Abstract: The cotton-wheat area constitutes the most important cropping system in Pakistan. Taking those districts in which cotton is grown on at least half of the Kharif irrigated area, 2.2 million ha of wheat are grown in the cotton-wheat cropping system. However, current research and extension recommendations do not differentiate between wheat sown after cotton and wheat sown in other rotations. A diagnostic survey of wheat was conducted in the district of Multan in the 1948-85 crop cycle. The major objectives of this survey were to delineate major sources of variation in the area, identify factors limiting productivity and plan an on-farm experimentation/extension programme. An informal survey a team of agricultural economists and agronomists was conducted in March 1985. This was followed by a formal survey of wheat production practices and yields at harvest time in 150 randomly selected fields. Production practices were recorded in the short interview with farmers in their fields and yields were measured by harvesting and threshing three to five plots of dimension 1m2 located randomly in the field. Wheat after cotton was a major crop rotation in the area. About 50 percent of wheat fields were planted after cotton, and 30 percent planted after fallow. Average cropping intensity was about 130 percent. The prolonged harvesting of cotton is the major conflict in the cotton-wheat cropping system, resulting in late planting of wheat. Wheat after cotton was planted on an average 19 days later than wheat after other Kharif crops or fallow. Indeed, nearly 70 percent of wheat following cotton was planted after December 15th reducing potential yields substantially. The farmers appear to rationally weigh up the benefits of an additional cotton picking with the loss from later wheat planting. The results show that even taking into account high picking cost for the late picking, benefits of extra cotton pickings are likely to outweigh the loss in wheat yields due to late planting. The majority of farmers (60%) used non-recommended wheat varieties. Variety WL-711 which is banned because of susceptibility to leaf rust is the most common variety (39% of fields) in the area. Only 15 percent of farmers planted new recommended varieties (Punjab 81, Pak 81, Bahawalpur 79 etc). The rest (24%) used Sonalika/Bluesilver. The problem of slow uptake of new varieties reflects an inadequate distribution system for: certified seed as well as farmers' lack of awareness of the danger of a rust epidemic from using banned varieties. Chemical fertilizer was used by 95 percent of the sampled farmers. Most farmers are aware of the need to apply both nitrogenous and phosphatic fertilizers, although fertilizer application rates are well below recommended rtes. The most important nutrient explaining variation in wheat yields was phosphorous. Farmers on average applied 95-46 kg N-P2O5/ha. Crop rotations, size of farm, access to irrigation and use of farm yard manure all influenced the quantity of fertilizer applied by farmers. Weeds were not a major problem in the area. Broadleaf and wild oats were a problem in some fields but did not significantly affect wheat yields. To some extent weeds were controlled by crop rotations (after berseem). None of the farmers used herbicide to control weeds in wheat. Salinity Fifteen patches salinity yields of was found is becoming a bigger problem in the area. Fifteen percent of fields were rated as having a few of salinity and five percent had a substantial problem resulting in an average reduction in about 17 percent in those fields. No farmer who applied gypsum. Irrigation is provided by perennial (57 percent) and seasonal (43 percent) canals, supplemented by tubewells. Because of lack of electricity in many villages, diesel tubewells are much more widely used despite the fact that they are more costly to operate. About 21 percent of the farmers reported saline tubewell water. High cost of diesel, load-shedding and canal closure were the major irrigation problems in the area. Delayed harvesting well beyond maturity was a common practice, especially among large farmers who depend on hired labour for harvesting. The harvest index declined from 30.2 percent in early harvested fields to 27.4 percent in late harvested fields. This, in part, reflects the fact that late harvested fields were also late planted and hence subject to more heat stress. Farmers pay about one third of their wheat production or 13.2 kg per 40 kg. for harvesting, threshing and marketing costs. The net value of the wheat standing in the field that should be used in calculating the profitability of an innovation was Rs. 42.5 per 40 kg of wheat after subtracting harvesting and post harvest costs. The average measured wheat yields from the 150 samples were 2.3 t/ha. One third of fields yielded less than 2.0 t/ha and only 13 percent yielded above 3.0 t/ha. The characteristics of the high yielding fields were a) wheat after fallow, b) access to tubewell water and perennial canal system, c) better land preparation, d) use of new recommended varieties e) planted before November 30th and harvested before April 26th f) more irrigations and g) application of 40 percent more phosphorous. Conversely, low yielding fields had usually been planted after cotton, used banned varieties and were planted after November 30th. Multiple regression analysis of yields confirmed most of these factors as significantly affecting yields. The net returns of low (<1.84 t/ha) and average (2.29 t/ha) yielding fields only barely covered variable costs and were not high enough to cover land rent and give a reasonable return on capital to farmers. The net returns in high yielding fields (>2.64 t/ha) were positive but not high enough to give a reasonable return on capital to farmers. These results reflect the importance of cost reducing technologies if wheat is to compete with alternative crops such as sunflower. The cotton-wheat areas represent the major irrigated wheat growing areas of Pakistan and justifies a major allocation of measures for research and extension. A realistic yield gap exists in the area of 30% that can be reduced by developing recommendations for more homogeneous groups of farmers. These recommendation domains should be based on crop rotation and access to irrigation water. Major problems exist with late planting of wheat, use of rust susceptible varieties, fertilizer efficiency, irrigation water efficiency, broad leaf weeds and harvesting costs. An on-farm experimental research program is suggested to overcome these problems.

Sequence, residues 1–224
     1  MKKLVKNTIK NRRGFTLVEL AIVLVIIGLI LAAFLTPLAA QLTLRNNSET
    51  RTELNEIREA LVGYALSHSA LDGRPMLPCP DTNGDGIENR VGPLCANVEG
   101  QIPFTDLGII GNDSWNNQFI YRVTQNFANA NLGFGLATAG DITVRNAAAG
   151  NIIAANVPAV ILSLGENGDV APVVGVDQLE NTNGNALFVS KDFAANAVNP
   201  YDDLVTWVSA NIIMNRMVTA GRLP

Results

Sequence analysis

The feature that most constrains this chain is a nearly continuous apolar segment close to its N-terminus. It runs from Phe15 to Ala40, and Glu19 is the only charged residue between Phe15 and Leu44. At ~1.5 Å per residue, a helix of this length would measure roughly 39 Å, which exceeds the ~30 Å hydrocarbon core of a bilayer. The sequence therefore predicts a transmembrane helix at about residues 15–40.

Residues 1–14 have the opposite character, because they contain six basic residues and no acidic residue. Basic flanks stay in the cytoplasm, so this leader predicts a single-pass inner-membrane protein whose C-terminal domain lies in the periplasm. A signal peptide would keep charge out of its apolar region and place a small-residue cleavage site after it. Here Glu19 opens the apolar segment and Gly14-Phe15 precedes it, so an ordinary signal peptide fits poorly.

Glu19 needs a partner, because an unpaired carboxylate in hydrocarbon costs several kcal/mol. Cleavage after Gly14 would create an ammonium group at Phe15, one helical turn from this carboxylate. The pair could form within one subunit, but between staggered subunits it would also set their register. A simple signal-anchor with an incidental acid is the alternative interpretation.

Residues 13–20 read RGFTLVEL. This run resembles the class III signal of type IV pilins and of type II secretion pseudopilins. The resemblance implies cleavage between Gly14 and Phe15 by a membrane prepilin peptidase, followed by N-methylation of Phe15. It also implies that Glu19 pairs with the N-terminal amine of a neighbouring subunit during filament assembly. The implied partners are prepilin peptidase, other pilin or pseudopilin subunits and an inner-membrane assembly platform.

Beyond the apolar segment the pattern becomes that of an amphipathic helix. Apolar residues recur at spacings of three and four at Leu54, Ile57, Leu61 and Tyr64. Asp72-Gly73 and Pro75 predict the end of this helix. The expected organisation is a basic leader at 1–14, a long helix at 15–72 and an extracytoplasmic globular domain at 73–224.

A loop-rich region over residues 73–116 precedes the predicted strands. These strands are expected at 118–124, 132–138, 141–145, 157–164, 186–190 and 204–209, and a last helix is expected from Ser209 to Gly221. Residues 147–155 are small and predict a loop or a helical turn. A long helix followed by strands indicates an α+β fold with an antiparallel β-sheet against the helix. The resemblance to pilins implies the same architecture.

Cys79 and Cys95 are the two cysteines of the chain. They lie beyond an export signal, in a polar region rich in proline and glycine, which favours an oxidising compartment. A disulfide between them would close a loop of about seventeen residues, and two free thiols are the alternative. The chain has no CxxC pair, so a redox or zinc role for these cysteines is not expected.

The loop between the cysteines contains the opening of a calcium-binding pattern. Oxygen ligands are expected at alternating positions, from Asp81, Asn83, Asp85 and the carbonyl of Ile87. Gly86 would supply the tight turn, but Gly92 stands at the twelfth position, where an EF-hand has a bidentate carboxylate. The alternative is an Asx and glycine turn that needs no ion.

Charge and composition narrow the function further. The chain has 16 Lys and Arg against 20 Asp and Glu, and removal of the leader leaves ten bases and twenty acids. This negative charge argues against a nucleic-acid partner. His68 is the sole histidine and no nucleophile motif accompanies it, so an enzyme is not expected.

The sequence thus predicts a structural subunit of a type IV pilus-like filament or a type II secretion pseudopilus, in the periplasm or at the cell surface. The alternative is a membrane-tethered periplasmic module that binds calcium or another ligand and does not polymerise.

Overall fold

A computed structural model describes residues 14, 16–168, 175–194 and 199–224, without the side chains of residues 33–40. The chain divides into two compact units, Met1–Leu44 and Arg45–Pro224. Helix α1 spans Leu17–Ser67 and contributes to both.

Format: PDF
Language: English
Publisher: PARC
Publisher: CIMMYT
Serie: PARC/CIMMYT Paper
Copyright: CIMMYT manages Intellectual Assets as International Public Goods. The user is free to download, print, store and share this work. In case you want to translate or create any other derivative work and share or distribute such translation/derivative work, please contact CIMMYT-Knowledge-Center@cgiar.org indicating the work you want to use and the kind of use you intend; CIMMYT will contact you with the suitable license for that purpose.
Type: Report
Country focus: Pakistan
Region: South Asia
Place of Publication: Faisalabad (Pakistan)
Pages: xi, 64 pages
Serie Number: 86-8
Agrovoc: WHEAT
Agrovoc: COTTON
Agrovoc: FIELD EXPERIMENTATION
Agrovoc: TECHNOLOGY TRANSFER


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  • Wheat
    Wheat - breeding, phytopathology, physiology, quality, biotech